Building Information Modeling: What’s Ahead for Contractors

Some are referring to building information modeling, or "BIM," as "revolutionary" to the construction
industry. This may be hype. The technology that Building Information Modeling relies upon is not new, as it has been used in the manufacturing industry for product design since the 1980s. BIM will, however, precipitate meaningful change in the construction industry as it becomes more commonly used as a method of project delivery.

Some are referring to building information modeling, or “BIM,” as “revolutionary” to the construction
industry. This may be hype. The technology that Building Information Modeling relies upon is not new, as it has been used in the manufacturing industry for product design since the 1980s. BIM will, however, precipitate meaningful change in the construction industry as it becomes more commonly used as a method of project delivery.

This article will introduce in simple terms the BIM technology, highlight the key human ingredient to the successful use of BIM, point out some of its advantages while also noting some obstacles in practice to its implementation, and provide some general ideas on how those in the construction
industry can better protect themselves from assuming greater risk through their participation in projects that use a building information modeling process.

What is BIM?

When using BIM, project participants — owners, developers, designers, contractors and subcontractors — change the way they work with one another, theoretically making a shift from working sequentially in their own core competencies to a more collaborative approach on the front end of a project. The promise of BIM is alluring, but it is important not to permit its allure to distract from the fact that in many ways BIM involves a continuation of current industry practices, the risks of which the parties already understand and deal with every day. Certainly, BIM enhances the collaborative effort. Over the past 10 to 15 years, however, there has already been a strong trend toward greater collaboration among the project participants, as contractors and subcontractors have increasingly provided preconstruction services, such as constructability reviews, budgeting
advice and value engineering, to aid in the design process of a project. Unless a firm already possesses more than one competency, such as design-build, greater collaboration during the design phase, whether through BIM or preconstruction services, can result in an unintentional shifting of the traditional risk allocations among owners, developers, designers, contractors and subcontractors, despite efforts to stay within their core competencies.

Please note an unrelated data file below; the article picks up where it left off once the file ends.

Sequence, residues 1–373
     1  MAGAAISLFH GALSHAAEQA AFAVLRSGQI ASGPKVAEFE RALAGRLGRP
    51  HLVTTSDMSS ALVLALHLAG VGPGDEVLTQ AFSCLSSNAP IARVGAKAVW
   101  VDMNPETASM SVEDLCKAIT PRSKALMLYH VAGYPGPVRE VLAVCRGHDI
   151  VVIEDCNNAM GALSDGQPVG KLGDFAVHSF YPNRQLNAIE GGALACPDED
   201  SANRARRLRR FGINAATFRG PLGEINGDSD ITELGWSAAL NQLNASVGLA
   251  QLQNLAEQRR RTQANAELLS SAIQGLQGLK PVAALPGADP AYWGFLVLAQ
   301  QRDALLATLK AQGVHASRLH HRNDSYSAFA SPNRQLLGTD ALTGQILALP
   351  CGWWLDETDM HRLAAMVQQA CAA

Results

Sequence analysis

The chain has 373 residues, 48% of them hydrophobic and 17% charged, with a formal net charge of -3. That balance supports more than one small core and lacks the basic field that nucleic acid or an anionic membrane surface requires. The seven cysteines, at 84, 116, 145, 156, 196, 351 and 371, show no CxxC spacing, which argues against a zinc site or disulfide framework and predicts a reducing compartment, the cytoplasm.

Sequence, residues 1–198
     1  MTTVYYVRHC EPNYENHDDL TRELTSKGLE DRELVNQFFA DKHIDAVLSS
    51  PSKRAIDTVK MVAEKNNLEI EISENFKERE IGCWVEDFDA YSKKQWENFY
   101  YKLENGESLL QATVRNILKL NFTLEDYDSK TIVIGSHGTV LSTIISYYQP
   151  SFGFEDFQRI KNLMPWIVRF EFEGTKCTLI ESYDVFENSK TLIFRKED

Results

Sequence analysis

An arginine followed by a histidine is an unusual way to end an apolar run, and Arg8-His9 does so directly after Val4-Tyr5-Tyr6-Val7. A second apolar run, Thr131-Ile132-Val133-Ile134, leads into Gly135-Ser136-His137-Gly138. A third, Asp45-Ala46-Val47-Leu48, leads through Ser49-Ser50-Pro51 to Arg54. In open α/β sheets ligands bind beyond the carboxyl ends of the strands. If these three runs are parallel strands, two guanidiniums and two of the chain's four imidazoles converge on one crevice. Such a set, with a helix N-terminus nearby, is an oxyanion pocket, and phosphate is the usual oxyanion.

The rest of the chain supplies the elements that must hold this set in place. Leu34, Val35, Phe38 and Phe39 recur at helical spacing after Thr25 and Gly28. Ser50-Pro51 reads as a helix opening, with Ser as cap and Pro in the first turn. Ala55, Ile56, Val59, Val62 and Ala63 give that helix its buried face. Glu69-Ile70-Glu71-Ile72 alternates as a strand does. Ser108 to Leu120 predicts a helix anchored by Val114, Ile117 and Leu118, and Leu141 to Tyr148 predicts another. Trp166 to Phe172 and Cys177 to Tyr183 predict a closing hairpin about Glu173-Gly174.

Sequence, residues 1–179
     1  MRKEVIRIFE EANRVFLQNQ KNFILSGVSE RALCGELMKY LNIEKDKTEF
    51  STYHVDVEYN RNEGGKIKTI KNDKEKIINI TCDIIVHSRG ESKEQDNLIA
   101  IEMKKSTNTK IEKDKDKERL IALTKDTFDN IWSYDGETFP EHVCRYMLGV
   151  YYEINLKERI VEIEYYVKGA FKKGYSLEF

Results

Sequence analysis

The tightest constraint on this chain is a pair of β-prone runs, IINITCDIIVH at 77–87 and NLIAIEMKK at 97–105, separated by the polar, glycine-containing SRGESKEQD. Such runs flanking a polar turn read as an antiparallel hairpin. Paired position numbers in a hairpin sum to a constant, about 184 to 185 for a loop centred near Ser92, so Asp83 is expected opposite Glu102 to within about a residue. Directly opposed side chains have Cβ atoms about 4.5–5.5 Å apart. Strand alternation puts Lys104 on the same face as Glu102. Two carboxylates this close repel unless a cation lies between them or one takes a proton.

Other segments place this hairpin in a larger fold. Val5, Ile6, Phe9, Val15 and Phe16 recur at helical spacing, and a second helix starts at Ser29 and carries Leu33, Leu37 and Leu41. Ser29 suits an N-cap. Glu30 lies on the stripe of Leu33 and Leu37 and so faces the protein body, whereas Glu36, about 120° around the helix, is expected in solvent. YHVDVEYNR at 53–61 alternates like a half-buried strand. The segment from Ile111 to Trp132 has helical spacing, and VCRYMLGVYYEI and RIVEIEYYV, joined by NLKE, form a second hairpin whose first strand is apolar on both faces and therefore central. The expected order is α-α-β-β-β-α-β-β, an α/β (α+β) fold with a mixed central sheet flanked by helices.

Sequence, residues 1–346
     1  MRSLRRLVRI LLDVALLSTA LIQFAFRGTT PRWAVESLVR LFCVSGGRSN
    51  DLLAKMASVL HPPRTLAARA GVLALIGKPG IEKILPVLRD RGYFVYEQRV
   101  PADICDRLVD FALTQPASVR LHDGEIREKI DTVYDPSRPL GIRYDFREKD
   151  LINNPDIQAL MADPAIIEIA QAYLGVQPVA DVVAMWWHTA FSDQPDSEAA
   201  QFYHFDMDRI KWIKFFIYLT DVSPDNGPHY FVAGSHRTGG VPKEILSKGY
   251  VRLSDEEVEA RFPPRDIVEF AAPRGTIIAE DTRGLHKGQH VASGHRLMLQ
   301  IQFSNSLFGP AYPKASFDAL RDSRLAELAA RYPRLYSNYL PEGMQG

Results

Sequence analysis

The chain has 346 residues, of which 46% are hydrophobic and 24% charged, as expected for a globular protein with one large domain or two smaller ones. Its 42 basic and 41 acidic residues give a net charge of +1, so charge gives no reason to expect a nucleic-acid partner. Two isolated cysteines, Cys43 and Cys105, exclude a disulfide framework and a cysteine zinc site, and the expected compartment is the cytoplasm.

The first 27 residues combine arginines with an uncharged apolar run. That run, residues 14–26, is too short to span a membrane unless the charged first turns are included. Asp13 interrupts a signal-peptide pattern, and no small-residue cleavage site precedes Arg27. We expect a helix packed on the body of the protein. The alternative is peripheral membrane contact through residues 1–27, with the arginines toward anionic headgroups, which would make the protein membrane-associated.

If the traditional risk allocations are maintained, the collaborative effort that goes into BIM will allow the project stakeholders to make better decisions during the design of the project that will affect both the time and cost of construction, and the long-term use of the project, including financial performance, maintenance requirements, energy efficiency, sustainability and operations decisions. Both public and private owners have demanded that project participants use BIM, but the ultimate success of BIM will depend greatly upon whether the project participants buy into the collaborative effort required to make BIM function to its full potential.

The Technology

It is worth taking a quick look at the technology underlying BIM. Compare building information modeling to the current method of building, which is often termed the “paper centric” approach to construction. Conventional design and construction typically rely on drawings and specifications, whether in hard copy or electronic form, to depict design intent and the construction materials, methods and management needed to build projects. There are, however, major limitations to using drawings and specifications to depict three-dimensional buildings. Chuck Eastman, Director of the AEC Integration Laboratory at the Georgia Institute of Technology, has succinctly noted two of those limitations. First, using drawings requires multiple views to depict a three-dimensional building in adequate detail for construction, making the drawings redundant and thus susceptible to errors. Second, these drawings, commonly known as contract documents, are not interpretable by computers.

To understand building information modeling, focus on the word “information.” The BIM technology has at its core a digital database that can be used to create a three-dimensional model of the building, but the real power of BIM’s technology lies in its ability to capture massive amounts of data about a building in one location accessible to the various project participants simultaneously. In addition, the technology automatically coordinates changes made to one component of the building model that affect separate, but related, components, which allows for an iterative analysis of design changes.

Undoubtedly, however, owners have become enamored with BIM technology because it permits information about the building to be captured and manipulated prior to the start of construction. The ability to model a building in 3-D, which is linked to a content-rich database containing information about cost, schedule, materials, spatial relationships, furnishings, procurement, work sequence, site logistics and other types of information, all of which can be tweaked and reconfigured in a time- and cost-efficient manner, makes BIM irresistible to owners. Owners often believe that these same functional capabilities benefit the design and contracting parties to a project as well, which is in some ways true. Before construction starts, the model can be used for clash detection within the design, substitution of materials and equipment, value engineering, construction detailing, estimate checking, and efficient execution and the coordination of design and construction. It bears repeating: all of this can happen before the first bucket of dirt has been turned on the site.

Challenges Presented by Bim

Those technological advantages, by themselves, certainly sound “revolutionary.” As a means of project delivery, and not just a technology tool, the key ingredient for successful BIM implementation is collaboration.1

But collapsing the fragmented process of design, estimating, scheduling, bid packaging, buyout, shop drawing review and revision, procurement and execution into the design phase of the project requires that architects, engineers, construction managers, contractors and subcontractors all come together in a collaborative effort as never before.